Barrett, Elliott Lead Ohio State Charge

Carlos Hyde and Braxton Miller weren't on the field, but Ohio State's offense looked familiar last night. Behind dynamic QB J.T. Barrett and workhorse back Ezekiel Elliott, Ohio State was able to put up a record-setting showing.

It’s been impossible to go through an Ohio State game this season without hearing commentators bring up the losses of Carlos Hyde to the NFL and Braxton Miller to injury. It was especially hard not to think of those two while the offense went inept for large parts of the game against Virginia Tech. The thrashing of Kent State two weeks later was nice, but the game still ended with more questions about who would replace Miller and Hyde as the go-to players in crunch time.

The answer revealed itself in Saturday night’s 50-28 victory against Cincinnati, and the answer would be the two players that replaced both Miller and Hyde in the starting lineup. With the game still in doubt midway through the third quarter, J.T. Barrett and Ezekiel Elliott put the team on their backs to allow Ohio State grind out the win.

The duo isn’t anywhere near the consistency that was the Miller and Hyde show last season, but it was encouraging to see them step up and put the game on ice the way Buckeye fans got used to seeing from Nos. 5 and 34 last season.

After the Bearcats closed the gap to five points with 9:20 left in the third quarter, the Buckeyes began their next offensive series at their own 25. Barrett trotted out and gave the ball to Elliott three straight times for runs 7, 11 and another 11 yards, respectively. After a 16-yard pass from Barrett to tight end Nick Vannett, Ohio State added to its lead with a field goal.

“We have a lot of confidence in Ezekiel Elliott,” Urban Meyer said of his running back after the game. “Before he leaves here he could be one of the great backs of Ohio State. A long way to go.”

The Buckeyes began their next drive with another heavy dose of Elliott as he had two rushes for 10 yards and a catch for 12. Barrett then ran for a tough 7 yards and, three plays later, found a wide-open Dontre Wilson for a 24-yard touchdown pass with 1:18 left in the third.

A three-and-out by the Bearcats gave the Buckeyes the ball back at their own 27 and chance to end the game with a touchdown drive. After a 9-yard gain by Dontre Wilson, Elliott picked up the first down on the next play with a short run. He followed by picking up the next first down on a 10-yard rush. After some short runs, the Buckeyes faced a third-and-6 from the UC 46. Barrett took the snap and couldn’t find an open receiver. With the pocket collapsing, he made a gutsy scramble to get just enough yardage for the first and keep the drive alive.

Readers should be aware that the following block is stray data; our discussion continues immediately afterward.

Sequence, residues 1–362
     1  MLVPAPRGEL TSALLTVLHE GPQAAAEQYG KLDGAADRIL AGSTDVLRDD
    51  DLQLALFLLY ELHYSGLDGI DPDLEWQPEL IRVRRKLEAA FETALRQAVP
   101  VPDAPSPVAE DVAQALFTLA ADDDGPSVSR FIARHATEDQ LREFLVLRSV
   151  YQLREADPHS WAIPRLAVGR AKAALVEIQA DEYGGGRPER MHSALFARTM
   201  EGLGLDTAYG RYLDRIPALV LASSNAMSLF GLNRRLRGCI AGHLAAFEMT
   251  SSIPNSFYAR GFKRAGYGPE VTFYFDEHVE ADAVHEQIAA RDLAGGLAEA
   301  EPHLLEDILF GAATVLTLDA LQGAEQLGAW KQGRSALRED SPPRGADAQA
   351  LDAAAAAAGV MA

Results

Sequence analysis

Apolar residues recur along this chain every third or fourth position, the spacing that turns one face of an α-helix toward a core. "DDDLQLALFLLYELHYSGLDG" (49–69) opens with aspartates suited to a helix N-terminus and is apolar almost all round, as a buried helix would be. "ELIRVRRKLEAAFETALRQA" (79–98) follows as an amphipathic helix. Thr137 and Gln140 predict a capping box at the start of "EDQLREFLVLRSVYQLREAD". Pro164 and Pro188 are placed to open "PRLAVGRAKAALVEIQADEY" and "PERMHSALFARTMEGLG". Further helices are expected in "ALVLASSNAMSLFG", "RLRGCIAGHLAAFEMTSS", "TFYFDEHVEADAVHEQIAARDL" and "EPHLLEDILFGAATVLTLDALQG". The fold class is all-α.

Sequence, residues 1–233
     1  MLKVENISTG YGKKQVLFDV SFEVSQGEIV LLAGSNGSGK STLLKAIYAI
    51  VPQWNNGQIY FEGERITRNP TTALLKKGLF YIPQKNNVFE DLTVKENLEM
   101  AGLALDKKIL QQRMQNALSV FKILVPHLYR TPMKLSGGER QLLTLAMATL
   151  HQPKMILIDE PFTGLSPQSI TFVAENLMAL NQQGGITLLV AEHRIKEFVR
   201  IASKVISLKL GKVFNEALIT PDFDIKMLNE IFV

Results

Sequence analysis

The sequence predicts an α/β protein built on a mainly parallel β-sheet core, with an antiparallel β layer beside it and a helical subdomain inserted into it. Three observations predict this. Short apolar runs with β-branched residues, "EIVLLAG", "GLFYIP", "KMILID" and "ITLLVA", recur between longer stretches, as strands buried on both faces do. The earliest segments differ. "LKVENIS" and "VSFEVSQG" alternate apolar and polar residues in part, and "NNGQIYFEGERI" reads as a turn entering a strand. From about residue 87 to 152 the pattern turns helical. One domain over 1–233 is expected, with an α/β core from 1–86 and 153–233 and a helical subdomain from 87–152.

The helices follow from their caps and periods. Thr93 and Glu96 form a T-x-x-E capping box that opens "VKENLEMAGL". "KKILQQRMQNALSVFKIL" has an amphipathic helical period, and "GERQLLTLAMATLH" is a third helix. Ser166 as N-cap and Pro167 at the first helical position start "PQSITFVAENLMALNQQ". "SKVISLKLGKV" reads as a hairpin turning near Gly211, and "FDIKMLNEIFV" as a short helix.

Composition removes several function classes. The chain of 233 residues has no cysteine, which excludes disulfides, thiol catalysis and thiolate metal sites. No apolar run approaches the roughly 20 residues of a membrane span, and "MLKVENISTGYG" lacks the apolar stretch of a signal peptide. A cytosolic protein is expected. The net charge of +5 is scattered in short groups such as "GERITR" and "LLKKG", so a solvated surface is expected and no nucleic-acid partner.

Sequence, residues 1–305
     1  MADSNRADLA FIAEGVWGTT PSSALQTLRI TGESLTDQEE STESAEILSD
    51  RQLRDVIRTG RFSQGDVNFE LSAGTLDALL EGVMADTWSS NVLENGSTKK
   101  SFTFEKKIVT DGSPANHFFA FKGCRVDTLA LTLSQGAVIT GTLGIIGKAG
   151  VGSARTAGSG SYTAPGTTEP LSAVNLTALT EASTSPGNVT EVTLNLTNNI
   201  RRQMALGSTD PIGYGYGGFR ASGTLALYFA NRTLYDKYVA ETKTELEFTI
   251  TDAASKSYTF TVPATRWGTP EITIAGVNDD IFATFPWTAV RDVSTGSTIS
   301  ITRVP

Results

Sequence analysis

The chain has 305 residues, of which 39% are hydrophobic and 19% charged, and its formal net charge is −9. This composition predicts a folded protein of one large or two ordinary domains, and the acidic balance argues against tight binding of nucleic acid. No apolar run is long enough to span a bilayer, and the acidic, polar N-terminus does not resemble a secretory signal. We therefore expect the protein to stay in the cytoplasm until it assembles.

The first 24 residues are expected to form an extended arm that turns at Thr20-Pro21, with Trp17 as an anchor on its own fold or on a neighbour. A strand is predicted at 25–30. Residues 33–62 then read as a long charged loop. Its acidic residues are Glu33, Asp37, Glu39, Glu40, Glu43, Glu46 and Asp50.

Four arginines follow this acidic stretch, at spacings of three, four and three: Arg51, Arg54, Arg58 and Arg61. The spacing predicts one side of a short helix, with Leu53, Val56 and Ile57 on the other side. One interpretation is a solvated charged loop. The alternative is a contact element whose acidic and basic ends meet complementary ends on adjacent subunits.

It was reminiscent of how Miller has been keeping drives alive with his legs for the past three seasons. Although he isn’t quite as fast as Miller, Barrett more than makes up for it with his courage and ability to fall forward despite heavy contact. The drive ended with a 10-yard pass to Elliot before Barrett hit Devin Smith in the end zone to end the scoring.

“I though that deep ball at the end of the game to Devin was a hell of a throw,” offensive coordinator Tom Herman said of his young quarterback. “That was something that had been missing a little bit, some of his deep ball accuracy. They actually had dropped nine into coverage. They only rushed two guys and he hit a deep ball over their head for a touchdown to kind of seal the game. That was very impressive.”

To sum things up, Elliott finished the second half with 15 carries for 104 yards while also catching three balls for another 30 yards. Barrett had six second-half carries for another 21 yards while making all the right decisions on where to distribute the ball. That’s the perfect remedy for playing a team that is built on throwing the ball like UC.

“I think tonight was a night I really needed,” Elliott said of his performance. “I really needed some momentum and I think it’s all downhill from here.”

The most exciting thing about the two of them is the fact that they are both plenty young, getting their first meaningful collegiate action this year, and each was selected by the coaching staff as the heir apparent at their respected positions. Not including the recruiting class that Urban had to scramble together in 2012, they were the first quarterback and running back brought in by Meyer and his staff.

While Meyer was gifted with Braxton and Carlos, he went out and got Barrett and Elliott, showing how his staff's recruiting has already begun to pay its dues.

“I think we can do this game-by-game,” Barrett said of the offense's performance. “We just need to stick to what we know how to do; run the ball starting off and then attacking with the passing game.”

There are certainly differences between both duos, but that is what makes comparing them so fun. However, it won’t be fun for opponents seeing Barrett and Elliott continue to fill the shoes that have been left for them.


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